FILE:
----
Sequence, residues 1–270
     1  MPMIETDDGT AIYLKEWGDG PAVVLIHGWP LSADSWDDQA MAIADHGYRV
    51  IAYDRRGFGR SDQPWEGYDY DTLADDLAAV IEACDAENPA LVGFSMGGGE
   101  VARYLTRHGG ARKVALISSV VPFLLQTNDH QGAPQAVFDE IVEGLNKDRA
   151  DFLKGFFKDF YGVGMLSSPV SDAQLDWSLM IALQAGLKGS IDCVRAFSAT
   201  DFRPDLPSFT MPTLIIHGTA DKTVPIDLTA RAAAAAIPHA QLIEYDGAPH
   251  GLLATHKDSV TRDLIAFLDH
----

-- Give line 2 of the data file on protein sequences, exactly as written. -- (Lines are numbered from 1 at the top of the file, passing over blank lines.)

     1  MPMIETDDGT AIYLKEWGDG PAVVLIHGWP LSADSWDDQA MAIADHGYRV